Try one for yourself. The first thing this game says to me is "It's pitch black". Ok then, "turn on a light". Bingo!! However, my OCD took over and I then tried to "clean the room". (EDIT: Interestingly, I've just noticed it can handle questions like "where am I?".)

Lindahl wrote:
Considering that MUD verbs are very well established, you're really only hurting yourself.


MUD verbs are only well establised to people who have played MUDs before. More importantly, commands you see in most MUDs will still work with my parser; Their grammar is a subset of mine.

Quote:
especially since it has no effect on the feel to the game, just how the user can talk to the server.


I must disagree quite strongly here. It has a massive effect on my gameplay experience.

Quote:
There is, however, something to be said about allowing emote commands which, once verified, execute a command as well as displaying the exact verbage typed by the user. But I don't believe this is what you were trying to do.


That's interesting. I'll have a think on how this can be applied to emotes.

I'm afraid I don't completely comprehend your general point. How will more flexibillity harm a user's experience? I can perhaps see how the parser might make promises it can't keep, i.e. The user realises the parser is quite flexible and tries a command that looks like it should work but doesn't. I think the way to combat this is with informative error messages -- perhaps it didn't understand the verb, or couldn't find the object, or didn't understand the preposition.
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KaVir



Joined: 11 May 2005
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Location: Munich

PostPosted: Mon Sep 26, 2005 10:08 am    Post subject: Reply with quote

Quote:
MUD verbs are only well establised to people who have played MUDs before.


However that's going to make up the vast majority of your players, unless you're advertising in gaming magazines or something.

Quote:
More importantly, commands you see in most MUDs will still work with my parser; Their grammar is a subset of mine.


How does your parser differentiate between 'get sword backpack' and 'get flaming sword'? I suppose you could force players to add the word 'from' - that's what I did with my old mud. It really irritated the Diku players though (and as the mud was a Diku derivative, almost all of them were from that background).
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shasarak



Joined: 29 Jun 2005
Posts: 134
Location: Emily's Shop

PostPosted: Mon Sep 26, 2005 10:54 am    Post subject: Reply with quote

Quote:
I can't think of any preposition the 'take' verb would use at all, in fact.

Two obviously possibilities are "from" and "out of".

However, I'm firmly of the opinion that a system like this does more harm than good unless it can actually be made context-sensitive. Why? Because natural language is context-sensitive by definition. Natural language is what people actually say or actually write/type when communicating with other people. And, when you talk to another person, there is always a context, and anything and everything and everything you say is interpreted within that context.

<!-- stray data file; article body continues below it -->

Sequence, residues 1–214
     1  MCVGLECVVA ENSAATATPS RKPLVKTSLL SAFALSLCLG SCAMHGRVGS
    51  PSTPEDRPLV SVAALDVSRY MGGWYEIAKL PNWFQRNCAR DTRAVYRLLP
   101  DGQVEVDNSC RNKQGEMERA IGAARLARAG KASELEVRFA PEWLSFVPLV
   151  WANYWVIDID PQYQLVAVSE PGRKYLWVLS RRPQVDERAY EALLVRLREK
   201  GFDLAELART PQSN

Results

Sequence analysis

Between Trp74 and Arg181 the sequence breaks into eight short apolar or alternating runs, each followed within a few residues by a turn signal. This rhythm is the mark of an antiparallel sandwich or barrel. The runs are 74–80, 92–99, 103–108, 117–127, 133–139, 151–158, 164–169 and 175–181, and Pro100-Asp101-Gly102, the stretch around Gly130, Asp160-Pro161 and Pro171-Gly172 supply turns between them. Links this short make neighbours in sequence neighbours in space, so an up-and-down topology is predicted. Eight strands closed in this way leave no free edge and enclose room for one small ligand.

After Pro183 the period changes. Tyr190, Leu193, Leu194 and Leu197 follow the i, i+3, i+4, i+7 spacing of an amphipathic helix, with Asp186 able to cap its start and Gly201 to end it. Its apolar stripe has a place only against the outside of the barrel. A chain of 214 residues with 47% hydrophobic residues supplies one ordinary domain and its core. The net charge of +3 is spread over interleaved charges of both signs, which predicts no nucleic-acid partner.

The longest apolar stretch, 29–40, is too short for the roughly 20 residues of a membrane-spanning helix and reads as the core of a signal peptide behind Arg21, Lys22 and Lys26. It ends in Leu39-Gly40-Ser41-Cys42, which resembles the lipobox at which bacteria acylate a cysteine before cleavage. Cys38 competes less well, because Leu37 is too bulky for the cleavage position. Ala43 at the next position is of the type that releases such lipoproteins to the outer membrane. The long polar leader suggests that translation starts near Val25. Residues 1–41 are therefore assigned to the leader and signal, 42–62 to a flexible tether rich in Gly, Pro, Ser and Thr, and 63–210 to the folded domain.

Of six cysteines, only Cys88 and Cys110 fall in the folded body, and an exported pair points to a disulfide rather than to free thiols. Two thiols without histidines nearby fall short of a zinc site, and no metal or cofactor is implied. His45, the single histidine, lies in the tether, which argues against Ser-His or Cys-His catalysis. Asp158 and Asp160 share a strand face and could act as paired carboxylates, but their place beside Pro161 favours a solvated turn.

My standard example:

"Put the key in the hat on the tree-stump".

That could mean:

"There is a key in the hat. (The hat is nowhere near the tree-stump). Take the key out of the hat and put it down on the tree-stump."

Or it could mean:

"There is a hat sitting on a tree-stump. Somewhere else (in my pocket, for example) there is a key. Take the key and put it in the hat."

In a real-life situation it is obvious from context which one you mean. For a system like this to be of any use at all (IMO), it has to understand that you might mean either possibility, and determine which one on-the-fly. So, if the user enters that command, the system should then check to see:

- Is there a hat on a tree-stump?
- Is there a key already in a hat somewhere?

And the response will be determined by the answers to those questions. In fact, ideally, you need to do enough analysis to be able to determine which, out of all of the following responses, is appropriate:

"There is no key here."
"There is no tree-stump here."
"There is no hat here."
"There is a tree-stump here, but it doesn't have a hat on it."
"There is no key in the hat."
"You have a key, but it is not in the hat."
"The key is already on the tree-stump."
"There is a hat here, but it is not on the tree-stump."
"The key is already in the hat, although the hat is not on the tree-stump."
"O.K."
"Do you mean I should take the red key out of the green hat and put it (the key) on the treestump, or do you mean that I should take the blue key and place it in the purple hat (which is on the tree-stump)?"
"The key is already in the hat on the tree-stump."

As Lindahl points out, unless you do this level of analysis on the original command, it will only work correctly some of the time. This means that you are encouraging users to switch from a command system that is a little slow but which always works, to one that only works sometimes. To my mind, that's making things worse rather than better.

If it were the case that a particular system based on grammatical parsing alone got it right 98% of the time, then there would be a case for using it. But if it only gets it right 60% of the time, it's going to do more harm than good.